In his introduction, Weir states, "The core of this book is concerned with exploring a framework for establishing the validity of the interpretation of scores on tests produced by Exam Boards or by teachers for use in their classrooms." The "evidence-based approach" in the subtitle alludes to the view that the process of validating the use of scores on any given test is much like a courtroom trial - requiring evidence to support arguments for or against a favorable verdict - that the test was "fair".
In first of the book's four parts, Weir introduces five ways to collect the evidence needed to make a convincing case; the first two are collected a priori, or in the design phase of a test, and consist of defining what abilities the test is supposed to measure as well as how the sample of tasks in the test represents the abilities in 'the real world' (outside the test itself) that test users are looking for. The remaining three types of evidence are empirical, collected a posteriori as statistical procedures to estimate or enhance the reliability of the test scores, studies of how well test scores correlate with external criteria such as other tests purported to measure the same abilities or actual performance in the real world, and lastly, the study of the backwash or social consequences of test use for the stakeholders: teachers, students, parents, administrators, and "the marketplace".
Part two begins a detailed survey of frameworks for tests of reading, listening, speaking and writing. Each framework is presented as a flow-chart of boxes which detail the a priori considerations – test taker characteristics, test characteristics, theories of internal processes and resources – to the a posteriori considerations for investigating scoring characteristics, criterion-related evidence of score value and the impact of score interpretation. Six chapters present examples from actual research to illustrate how evidence of validity was obtained "in action".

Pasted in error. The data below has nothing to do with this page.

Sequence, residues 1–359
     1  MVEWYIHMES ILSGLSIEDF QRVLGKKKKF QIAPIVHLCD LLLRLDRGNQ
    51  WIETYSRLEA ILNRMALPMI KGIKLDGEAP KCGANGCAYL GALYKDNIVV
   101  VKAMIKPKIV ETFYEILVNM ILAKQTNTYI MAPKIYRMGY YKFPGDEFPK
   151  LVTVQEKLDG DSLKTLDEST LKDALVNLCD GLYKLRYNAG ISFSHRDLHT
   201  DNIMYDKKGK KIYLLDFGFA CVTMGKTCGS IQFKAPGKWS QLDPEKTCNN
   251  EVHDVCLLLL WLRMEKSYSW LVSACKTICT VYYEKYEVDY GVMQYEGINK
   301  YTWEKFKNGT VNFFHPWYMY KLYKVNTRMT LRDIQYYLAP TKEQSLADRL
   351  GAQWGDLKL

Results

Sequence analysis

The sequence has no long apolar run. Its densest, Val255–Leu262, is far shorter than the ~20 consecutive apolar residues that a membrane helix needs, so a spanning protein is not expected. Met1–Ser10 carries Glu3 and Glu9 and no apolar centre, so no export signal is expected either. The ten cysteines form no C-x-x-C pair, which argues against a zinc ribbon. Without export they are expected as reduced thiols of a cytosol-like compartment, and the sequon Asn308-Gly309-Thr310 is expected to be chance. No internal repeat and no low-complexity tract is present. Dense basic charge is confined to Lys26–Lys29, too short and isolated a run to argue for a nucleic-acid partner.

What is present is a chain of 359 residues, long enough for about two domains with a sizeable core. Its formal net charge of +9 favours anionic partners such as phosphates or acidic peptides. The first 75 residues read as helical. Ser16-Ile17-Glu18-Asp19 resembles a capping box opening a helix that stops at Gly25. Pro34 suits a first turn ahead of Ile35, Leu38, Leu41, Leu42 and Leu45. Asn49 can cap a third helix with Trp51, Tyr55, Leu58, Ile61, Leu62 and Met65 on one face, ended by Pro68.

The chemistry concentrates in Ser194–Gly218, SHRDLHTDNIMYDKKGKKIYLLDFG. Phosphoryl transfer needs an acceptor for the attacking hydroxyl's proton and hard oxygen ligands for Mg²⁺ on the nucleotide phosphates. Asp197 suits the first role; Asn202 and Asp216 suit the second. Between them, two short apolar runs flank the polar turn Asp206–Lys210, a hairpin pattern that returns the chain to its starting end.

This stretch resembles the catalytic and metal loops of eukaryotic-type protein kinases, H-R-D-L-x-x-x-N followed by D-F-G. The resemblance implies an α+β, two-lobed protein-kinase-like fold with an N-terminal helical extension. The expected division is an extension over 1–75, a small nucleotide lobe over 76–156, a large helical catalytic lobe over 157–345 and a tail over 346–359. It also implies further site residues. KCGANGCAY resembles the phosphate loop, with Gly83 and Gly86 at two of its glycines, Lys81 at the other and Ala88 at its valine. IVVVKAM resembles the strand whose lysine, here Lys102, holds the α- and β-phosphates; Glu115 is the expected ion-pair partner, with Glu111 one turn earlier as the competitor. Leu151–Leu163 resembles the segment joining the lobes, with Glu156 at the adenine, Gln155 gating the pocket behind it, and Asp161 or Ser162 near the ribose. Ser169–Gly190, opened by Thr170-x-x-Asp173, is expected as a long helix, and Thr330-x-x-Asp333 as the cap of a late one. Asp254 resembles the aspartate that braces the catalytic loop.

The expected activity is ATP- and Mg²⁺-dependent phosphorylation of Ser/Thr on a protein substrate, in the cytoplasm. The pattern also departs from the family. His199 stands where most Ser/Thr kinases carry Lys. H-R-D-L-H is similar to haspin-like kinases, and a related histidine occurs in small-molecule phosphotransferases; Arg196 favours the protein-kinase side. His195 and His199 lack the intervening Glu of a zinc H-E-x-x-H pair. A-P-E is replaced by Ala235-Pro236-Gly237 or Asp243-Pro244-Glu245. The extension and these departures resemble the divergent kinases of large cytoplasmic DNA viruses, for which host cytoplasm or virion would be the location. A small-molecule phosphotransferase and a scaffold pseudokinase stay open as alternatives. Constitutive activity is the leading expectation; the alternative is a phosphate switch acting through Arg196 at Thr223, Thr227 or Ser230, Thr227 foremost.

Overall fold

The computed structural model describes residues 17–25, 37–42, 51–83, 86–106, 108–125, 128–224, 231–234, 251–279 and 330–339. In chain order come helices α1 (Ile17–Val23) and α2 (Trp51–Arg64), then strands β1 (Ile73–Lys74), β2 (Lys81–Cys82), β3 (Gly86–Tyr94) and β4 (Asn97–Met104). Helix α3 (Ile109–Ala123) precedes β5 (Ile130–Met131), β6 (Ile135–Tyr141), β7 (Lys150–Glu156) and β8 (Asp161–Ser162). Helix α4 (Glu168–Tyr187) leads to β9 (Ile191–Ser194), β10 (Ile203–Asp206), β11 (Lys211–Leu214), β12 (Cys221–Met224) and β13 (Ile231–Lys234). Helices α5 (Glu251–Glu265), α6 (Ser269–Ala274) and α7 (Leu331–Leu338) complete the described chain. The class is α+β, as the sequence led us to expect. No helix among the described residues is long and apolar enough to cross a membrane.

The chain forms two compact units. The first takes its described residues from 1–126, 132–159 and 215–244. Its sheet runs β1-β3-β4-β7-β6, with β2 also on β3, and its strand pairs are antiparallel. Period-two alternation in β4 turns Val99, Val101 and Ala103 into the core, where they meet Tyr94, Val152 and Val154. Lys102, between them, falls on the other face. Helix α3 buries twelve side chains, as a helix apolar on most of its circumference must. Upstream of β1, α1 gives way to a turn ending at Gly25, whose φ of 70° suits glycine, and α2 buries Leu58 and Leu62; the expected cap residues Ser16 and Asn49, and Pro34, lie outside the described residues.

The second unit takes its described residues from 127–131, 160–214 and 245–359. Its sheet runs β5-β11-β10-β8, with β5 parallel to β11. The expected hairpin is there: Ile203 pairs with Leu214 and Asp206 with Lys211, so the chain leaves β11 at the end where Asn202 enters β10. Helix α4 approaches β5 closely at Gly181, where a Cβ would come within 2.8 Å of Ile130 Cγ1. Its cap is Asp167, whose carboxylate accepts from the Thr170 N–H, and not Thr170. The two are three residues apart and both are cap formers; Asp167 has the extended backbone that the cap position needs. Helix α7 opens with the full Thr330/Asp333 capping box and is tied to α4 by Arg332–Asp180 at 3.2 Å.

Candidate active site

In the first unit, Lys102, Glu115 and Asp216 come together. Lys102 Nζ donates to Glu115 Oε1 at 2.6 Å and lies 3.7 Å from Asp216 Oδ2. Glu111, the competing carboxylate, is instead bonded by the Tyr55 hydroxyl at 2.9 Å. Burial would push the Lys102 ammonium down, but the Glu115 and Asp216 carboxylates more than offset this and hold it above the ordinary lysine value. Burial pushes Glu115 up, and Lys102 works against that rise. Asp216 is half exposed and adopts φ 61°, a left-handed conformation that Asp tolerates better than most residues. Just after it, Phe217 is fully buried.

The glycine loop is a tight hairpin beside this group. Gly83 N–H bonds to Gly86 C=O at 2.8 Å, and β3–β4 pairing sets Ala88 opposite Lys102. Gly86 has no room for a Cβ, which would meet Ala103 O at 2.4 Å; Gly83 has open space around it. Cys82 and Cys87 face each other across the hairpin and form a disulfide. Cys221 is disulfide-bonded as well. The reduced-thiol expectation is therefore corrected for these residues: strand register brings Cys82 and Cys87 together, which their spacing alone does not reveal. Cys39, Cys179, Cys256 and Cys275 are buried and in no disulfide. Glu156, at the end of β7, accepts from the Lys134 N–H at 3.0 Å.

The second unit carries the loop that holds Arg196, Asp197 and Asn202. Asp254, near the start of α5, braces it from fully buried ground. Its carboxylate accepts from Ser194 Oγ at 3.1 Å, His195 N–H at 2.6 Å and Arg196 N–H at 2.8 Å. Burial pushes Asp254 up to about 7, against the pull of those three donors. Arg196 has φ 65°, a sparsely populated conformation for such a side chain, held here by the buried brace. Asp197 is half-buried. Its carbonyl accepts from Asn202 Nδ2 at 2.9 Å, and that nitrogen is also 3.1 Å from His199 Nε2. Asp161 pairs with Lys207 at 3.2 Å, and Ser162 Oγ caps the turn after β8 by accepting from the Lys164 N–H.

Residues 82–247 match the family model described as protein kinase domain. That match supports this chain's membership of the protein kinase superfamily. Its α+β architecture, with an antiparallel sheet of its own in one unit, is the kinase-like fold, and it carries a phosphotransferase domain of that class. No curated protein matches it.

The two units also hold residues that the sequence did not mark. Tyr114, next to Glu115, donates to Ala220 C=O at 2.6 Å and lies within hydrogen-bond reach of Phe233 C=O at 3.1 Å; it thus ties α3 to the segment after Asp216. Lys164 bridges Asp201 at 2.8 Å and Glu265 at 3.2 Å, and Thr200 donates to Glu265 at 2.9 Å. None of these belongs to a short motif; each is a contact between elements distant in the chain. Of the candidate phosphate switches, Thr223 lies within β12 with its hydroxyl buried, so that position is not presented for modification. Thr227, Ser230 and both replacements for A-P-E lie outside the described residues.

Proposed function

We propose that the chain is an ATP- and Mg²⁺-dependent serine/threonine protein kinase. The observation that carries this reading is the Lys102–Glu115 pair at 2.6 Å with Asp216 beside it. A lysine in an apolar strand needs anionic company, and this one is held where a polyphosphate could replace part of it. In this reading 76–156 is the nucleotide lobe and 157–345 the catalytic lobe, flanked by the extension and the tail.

Part three could serve as a syllabus for a practicum on test validation methodology. It contains pointers for sound research procedures, checklists and questionnaires to help researchers collect each of the five types of evidence for valid test score use. This part alone would justify buying the book, as it can certainly encourage teachers to not only have more confidence in their own assessment practices, but would probably result in some pretty interesting presentations or publications.
Part four of the book is entitled "Further resources in language testing", and is actually an up-to-date and comprehensive list of textbooks, journals, professional organizations, professional conferences, e-mail lists, bulletin boards and websites, databases and statistical packages – a list probably equal to a few years of word-of-mouth searches for answers to the questions that plague anyone who gets involved with testing and assessment.
In conclusion, this book is highly recommended. It is the most readable and comprehensive treatment of validation that I have ever come across. It is as free of technical jargon as can be; important points are presented clearly through Weir's choice to enclose poignant quotes and concepts in boxes within the text which saves on magic markers or underlining, in addition to the other features of this book that have already been reported. Its 284 pages contain not a single mathematical equation or algorithm, so it's not a cookbook for number crunching, but it'll tell you where to go for that if you need it – plus much, much more.
- reviewed by Jeff Hubbell